THE BLACK GAY MAN WHO GAVE AMERICAN TV SOUL!
By Tre Johnson
December 17, 2018
Against a backdrop of blackness in a full Afro plume, Nikki Giovanni asks, “ever been kidnapped by a poet?” and breathlessly recites her poem, “Kidnap.” As the lights go up, she’s still framed against Blackness only now it’s an audience of Black faces for SOUL! and, within moments, after the applause drifts off, Giovanni, only 28 at the airing of the 1971 episode, introduces Philadelphia’s The Delfonics. The band goes right into the opening lines of “Trying to Make a Fool of Me”: “We’ve been together for so long / Listen baby, I’m gonna love you / Right or wrong,” SOUL! often explored the transformative and healing importance of Black art, but also the necessity of Black conversations across gender, sexuality, formats and politics. Both ahead of its time and right on time, Ellis Haizlip’s show reminds us of not only our inherent strength, but also what’s missing in today’s Black public discourse; opportunities to let art and the artist challenge all of us without having to worry about the gaze, consumption or consideration of white America.
As a grant-funded public access show, SOUL! ran from 1968-1973, and that was long enough to burnish Ellis Haizlip’s creation into a thing of legacy. The show was a platform that explored Blackness in all its beauty, tension and complexity with a remit that showcased what meaningful resistance looked like from the Black artists’ point of view. Straddling a post-Civil Rights Movement and Vietnam War America, SOUL! encapsulated the ongoing Black political voice, creating space for Black public figures and artists to wrestle with how we move forward with a conscience. It never presented a singular answer either, opting instead to showcase the various ways Blacks were fighting any number of systems.
Its various cold opens played with formats, identities and tones that reminded anyone who watched of the various conversations that were happening within the Black community. From week to week, SOUL!’s episodes, from beginning to end, illuminated the struggle and the consequence of resistance, and the many things we were resisting. Some episodes were urgently political like 1971’s third episode, opening with a Haizlip monologue on protest and featuring the music of Max Roach and the J.C. White Choir, was interspersed with re-enactments of Frederick Douglass’ most famous speeches, performed by actor-activist Arthur Burghardt. At the time, Burghardt, a conscientious objector of the Vietnam War — like frequent SOUL! guest Muhammad Ali — was performing a one-man play in the theater, and months after his appearance his war stance would earn him a five-year sentence in prison. The result was him serving two years, including a five-month stint in solitary confinement while enduring a series of beatings and terrorism the whole time while imprisoned.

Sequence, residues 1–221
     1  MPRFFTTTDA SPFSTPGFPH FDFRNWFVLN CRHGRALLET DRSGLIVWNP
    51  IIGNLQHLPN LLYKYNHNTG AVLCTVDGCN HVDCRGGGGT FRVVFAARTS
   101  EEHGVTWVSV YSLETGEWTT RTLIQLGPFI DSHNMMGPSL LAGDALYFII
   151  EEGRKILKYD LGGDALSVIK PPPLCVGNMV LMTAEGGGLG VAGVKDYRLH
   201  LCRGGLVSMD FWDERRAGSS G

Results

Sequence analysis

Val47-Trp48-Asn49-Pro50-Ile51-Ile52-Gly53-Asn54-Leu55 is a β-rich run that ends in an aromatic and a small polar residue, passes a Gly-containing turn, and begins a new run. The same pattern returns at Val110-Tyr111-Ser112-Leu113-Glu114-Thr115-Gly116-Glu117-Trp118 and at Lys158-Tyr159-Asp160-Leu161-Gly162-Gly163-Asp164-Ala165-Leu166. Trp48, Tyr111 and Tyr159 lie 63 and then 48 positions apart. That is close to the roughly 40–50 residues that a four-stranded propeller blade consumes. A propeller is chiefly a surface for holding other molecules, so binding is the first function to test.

It’s likely that Haizlip was able to curate this cultural view because he was often positioned as an outsider himself due to his openly gay identity. Despite the other cultural revolutions that permeated the 1960s and 70s, a full embrace of sexuality still eluded the community, and as a gay Black man Haizlip’s voice and determination to make SOUL! proof of all Black identities was pivotal to the era. Haizlip and SOUL! should be commended for this sort of activism. Michele Wallace reminds us in ”Black Macho and the Myth of the Superwoman,” despite contributions to the Civil Rights Movement by queer and Black women, the movement was still largely defined by the desires and victories of cisgender Black men. Through SOUL!, Haizlip created a space that held all this while also providing room for voices by often turning the hosting duties and guest appearances to those same maligned communities. This intentional intertwining of everyone within the Black community complicated and challenged America’s picture of Blackness and succinctly proved to everyone watching that there was a vibrant humanity in every expression of Blackness. And while SOUL!’s sexual politics were more show than tell, mirroring Haizlip’s own understated approach about his own personal identity, he also never shirked from challenging Black thought on the issue, too, such as a 1972 episode, where Haizlip interviews the Nation of Islam’s Louis Farrakhan. Amidst issues about Black nationalism, politics, and religion, Haizlip steadily poses more hypotheticals for Farrakhan to consider, cleverly challenging Farrakhan’s purported love for all Black people to see if that embrace includes homosexuality. Distressingly, Farrakhan launches into a winded response that includes “deviation,” “laws of the universe” and “nature,” framing the notion of homosexuality as brothers and sisters being “lost,” and a “system of perversion,” and as his voice reaches various crescendos, the surrounding Black audience applauds — several times — as he denounces homosexuality as Haizslip cooly allows his guest to share his thoughts.
SOUL!’s studio aesthetic — low-ceiling, dark, tight space — often felt like a bunker where secret conversations about Blackness were being held, the overall effect that it was currently the only place secreted for Black dissidents, activists and rabble rousers could talk with frankness. Set against the Nixon administration’s conservative political climate, the appearances and selections of mainstream singers and artists — like Jerry Butler, who’d go on to have a decades-long career in Chicago politics, or Bill Withers, who famously protested the Vietnam War through his music — were also proof of how much Haizlip and crew were determined to prove that art had a responsibility that it was taking seriously.